The best education you can give your kids is a well-rounded one that includes both book knowledge and hands-on experience. Working with tools and learning how to do simple home repairs will make them self-reliant and even save them money when they leave the nest and venture out on their own.
Working with tools also offers benefits and helps build skills in the following areas:
- Dexterity, fine motor skills and eye-hand coordination
- Creativity, conceptualization and problem-solving abilities
- Classifying, comparing and sorting objects
- Measuring and accuracy
- Cooperation and working together
- Confidence and healthy self-esteem
Life Skills: Simple Home Repairs
It’s easier to teach these handyman skills when you actually know a little bit about home repairs, but if not, there are plenty of resources available to get you started. We’ve outlined 5 steps to help you set up your own version of woodshop class, so you can offer your kids all the valuable life skills that come with learning how to work with their hands.
1. Know Your Tools
Before you begin any project, it’s important to know your equipment. If you need to brush up on your skills, you can view free videos on how to operate common tools. This is a great way to refresh your knowledge of how they work and what to expect from them, so you can confidently pass that information onto your children.
2. Start With a Class on Safety
No matter how old your child is, begin with a safety class geared toward their particular understanding and level of responsibility. Make it a formal educational experience with teaching, demonstrations and even quizzes. Instill a sense of respect for the tools, responsible handling and use of proper safety equipment when working with them.
3. Set Up the Workshop
You can purchase smaller child-size tool sets at most hardware stores at a reasonable price. Set up an age-appropriate workbench equipped with your child’s own set of real tools to give them a sense of ownership.
Teach your child the names of their tools and how to care for them. Install a pegboard behind their workbench with painted outlines of the tools and the names written underneath so they can store them properly when not in use. Equip their workbench with goggles, work gloves and other safety equipment, and encourage their use.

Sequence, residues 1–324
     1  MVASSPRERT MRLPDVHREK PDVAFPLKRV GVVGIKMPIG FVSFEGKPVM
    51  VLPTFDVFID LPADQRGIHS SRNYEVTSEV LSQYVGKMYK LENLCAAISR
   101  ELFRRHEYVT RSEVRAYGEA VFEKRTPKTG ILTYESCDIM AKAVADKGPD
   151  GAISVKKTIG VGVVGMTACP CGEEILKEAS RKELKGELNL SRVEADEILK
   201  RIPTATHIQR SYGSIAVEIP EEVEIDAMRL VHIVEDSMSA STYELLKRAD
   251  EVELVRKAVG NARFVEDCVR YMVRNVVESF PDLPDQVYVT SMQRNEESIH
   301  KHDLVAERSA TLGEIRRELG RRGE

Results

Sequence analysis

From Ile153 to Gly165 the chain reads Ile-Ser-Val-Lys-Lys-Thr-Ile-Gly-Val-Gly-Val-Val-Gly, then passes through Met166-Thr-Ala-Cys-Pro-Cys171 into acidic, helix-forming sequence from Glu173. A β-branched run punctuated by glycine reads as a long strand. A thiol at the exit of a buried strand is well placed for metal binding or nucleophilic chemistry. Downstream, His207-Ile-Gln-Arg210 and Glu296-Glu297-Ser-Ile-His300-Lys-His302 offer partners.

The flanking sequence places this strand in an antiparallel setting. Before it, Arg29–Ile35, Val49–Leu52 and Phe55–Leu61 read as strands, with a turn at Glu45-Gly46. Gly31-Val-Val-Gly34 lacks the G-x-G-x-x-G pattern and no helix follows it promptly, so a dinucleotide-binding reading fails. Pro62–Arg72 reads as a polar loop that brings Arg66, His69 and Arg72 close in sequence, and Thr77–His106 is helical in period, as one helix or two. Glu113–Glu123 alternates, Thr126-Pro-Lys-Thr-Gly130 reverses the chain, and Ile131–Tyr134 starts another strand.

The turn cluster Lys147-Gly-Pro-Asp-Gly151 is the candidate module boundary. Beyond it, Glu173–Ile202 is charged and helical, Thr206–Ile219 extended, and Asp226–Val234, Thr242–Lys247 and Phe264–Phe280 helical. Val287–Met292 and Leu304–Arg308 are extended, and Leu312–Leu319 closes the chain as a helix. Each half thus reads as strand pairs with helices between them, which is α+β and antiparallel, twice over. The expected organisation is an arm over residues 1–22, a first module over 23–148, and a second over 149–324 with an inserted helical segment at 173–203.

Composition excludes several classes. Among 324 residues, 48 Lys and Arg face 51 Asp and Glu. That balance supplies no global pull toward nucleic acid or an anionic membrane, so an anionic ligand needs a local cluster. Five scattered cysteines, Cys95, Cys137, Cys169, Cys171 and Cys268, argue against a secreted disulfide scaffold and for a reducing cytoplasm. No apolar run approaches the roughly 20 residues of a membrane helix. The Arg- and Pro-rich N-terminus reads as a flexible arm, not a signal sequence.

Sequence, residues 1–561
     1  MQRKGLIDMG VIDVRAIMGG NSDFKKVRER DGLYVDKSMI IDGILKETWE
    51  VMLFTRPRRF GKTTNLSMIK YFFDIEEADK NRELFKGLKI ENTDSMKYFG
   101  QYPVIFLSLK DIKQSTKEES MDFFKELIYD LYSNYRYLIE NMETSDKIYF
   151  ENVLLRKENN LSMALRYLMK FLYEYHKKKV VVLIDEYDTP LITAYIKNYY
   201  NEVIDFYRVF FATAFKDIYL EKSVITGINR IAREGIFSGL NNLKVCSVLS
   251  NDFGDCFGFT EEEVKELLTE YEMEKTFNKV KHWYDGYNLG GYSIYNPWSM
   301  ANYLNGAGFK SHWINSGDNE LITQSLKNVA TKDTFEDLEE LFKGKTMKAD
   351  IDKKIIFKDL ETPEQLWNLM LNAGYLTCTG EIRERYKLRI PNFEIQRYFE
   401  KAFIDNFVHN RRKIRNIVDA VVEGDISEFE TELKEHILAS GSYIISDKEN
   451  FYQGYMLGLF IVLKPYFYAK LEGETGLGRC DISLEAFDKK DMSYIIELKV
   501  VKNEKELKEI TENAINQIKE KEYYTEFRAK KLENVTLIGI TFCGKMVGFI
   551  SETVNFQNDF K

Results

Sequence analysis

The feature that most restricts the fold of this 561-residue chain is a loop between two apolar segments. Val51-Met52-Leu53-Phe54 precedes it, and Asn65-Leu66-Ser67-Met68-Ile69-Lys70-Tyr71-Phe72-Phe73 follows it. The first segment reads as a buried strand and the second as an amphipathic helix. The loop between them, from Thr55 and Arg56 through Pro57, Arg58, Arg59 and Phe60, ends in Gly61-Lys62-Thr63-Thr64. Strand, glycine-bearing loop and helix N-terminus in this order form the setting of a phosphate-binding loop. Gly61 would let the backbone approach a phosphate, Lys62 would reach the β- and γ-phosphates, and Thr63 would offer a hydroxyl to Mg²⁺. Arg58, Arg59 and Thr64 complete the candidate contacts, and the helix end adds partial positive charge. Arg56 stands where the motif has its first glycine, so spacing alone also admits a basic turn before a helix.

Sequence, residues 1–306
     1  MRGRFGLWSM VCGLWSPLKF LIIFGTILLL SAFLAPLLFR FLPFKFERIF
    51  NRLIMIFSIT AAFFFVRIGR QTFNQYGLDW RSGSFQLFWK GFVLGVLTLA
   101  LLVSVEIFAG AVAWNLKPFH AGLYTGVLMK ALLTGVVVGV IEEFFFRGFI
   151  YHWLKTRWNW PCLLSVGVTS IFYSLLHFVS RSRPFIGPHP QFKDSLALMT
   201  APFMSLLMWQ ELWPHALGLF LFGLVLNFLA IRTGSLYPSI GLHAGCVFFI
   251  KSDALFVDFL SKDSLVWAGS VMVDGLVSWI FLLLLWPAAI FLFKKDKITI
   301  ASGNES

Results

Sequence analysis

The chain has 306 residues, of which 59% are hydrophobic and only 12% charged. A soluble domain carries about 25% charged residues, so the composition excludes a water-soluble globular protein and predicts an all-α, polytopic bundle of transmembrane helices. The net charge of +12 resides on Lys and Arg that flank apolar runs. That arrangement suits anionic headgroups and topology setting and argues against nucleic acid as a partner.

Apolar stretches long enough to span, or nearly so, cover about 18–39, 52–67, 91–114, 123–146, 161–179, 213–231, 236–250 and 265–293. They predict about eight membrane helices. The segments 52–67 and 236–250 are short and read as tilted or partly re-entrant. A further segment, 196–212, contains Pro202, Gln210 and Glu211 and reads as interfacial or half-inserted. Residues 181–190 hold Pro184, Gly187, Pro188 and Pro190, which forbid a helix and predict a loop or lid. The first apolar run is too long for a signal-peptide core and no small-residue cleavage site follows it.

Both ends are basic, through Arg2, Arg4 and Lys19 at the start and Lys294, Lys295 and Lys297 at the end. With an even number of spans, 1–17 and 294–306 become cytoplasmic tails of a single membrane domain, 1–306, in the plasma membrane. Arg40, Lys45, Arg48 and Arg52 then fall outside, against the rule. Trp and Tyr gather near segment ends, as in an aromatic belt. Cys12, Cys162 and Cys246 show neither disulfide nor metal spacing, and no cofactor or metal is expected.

4. Teach Them the Proper Use of Tools
A tool is only as good as the person using it, so it’s important to teach them proper usage. Start with one tool and allow them to practice. As they become familiar with one tool, move on to another until they have a well-rounded knowledge of the basic tool set. It’s important you set a good example. Children mimic the actions of adults they admire, so make sure you don’t inadvertently demonstrate sloppy or unsafe habits. Be sure to teach them about the different types of hardware needed for the repairs and projects they may be undertaking. Help them learn to recognize nuts, bolts, washers, screws and how they are used.
They’ll need to know how to take accurate measurements and use a level, things that can also be incorporated into their math and other similar classes.
5. Plan Your Projects
It’s important projects are age-appropriate. Children mature at different stages, so assign projects according to your child’s maturity level rather than their age. Below are some home repairs and projects for those times when nothing is broken, sorted by difficulty level:
Home Repair Projects: Start young children off by teaching them to tighten drawer and cabinet pulls and oil squeaky hinges. Paint touch ups are another option for the younger crowd, but be sure to protect the floors and furniture with a drop cloth.
Woodworking Projects: At this point your little carpenter will only be using hand tools. Popsicle stick art is always a hit with the younger crowd.
Another option is woodworking kits from Lowe’s or Home Depot. Everything is pre-cut, and nail holes are pre-drilled. A little glue, some easy assembly and a creative paint job make these perfect projects for the beginner.
Home Repair Projects: Once the kiddos have mastered using a hammer and screwdriver, you may want to introduce them to a few more challenging projects. Painting a room, replacing a towel rack or re-caulking a bathtub are projects you can entrust to your mid-level handyman. They can also assist you with a few more difficult projects. Let them watch or participate up to their ability level.
Woodworking Projects: At this point your little carpenter should be ready to build from scratch. Birdhouses, boxes and simple furniture construction can be accomplished under your watchful eye. You can let them use power tools with your supervision or pre-cut the wood for them, depending upon their level of maturity.
Home Repair Projects: After watching and learning a thing or two from you, your kids should be ready to do some basic electrical or plumbing work. Helping you change light switch or replace a faucet may be within the realm of their capability. Fundamental carpentry and painting skills should be a piece of cake now.
Woodworking Projects: At this point, your child should be familiar with using power tools as well as the hand tools. They may be able to use power equipment with little supervision and should be able to build a basic structure. Now is a good time to take on a more complicated project that can work on together.
No matter what their level, giving your kids the skills to fix, create and build will enhance all other areas of their education. This self-sufficiency increases their confidence and gives them the edge they need to be successful in whatever they choose to do later in life.
Author Bio: Megan Wild is a home improvement writer who has been honing her skills since she was a young child under the mentorship of her father. Check out more of her kid-friendly ideas on her blog, Your Wild Home.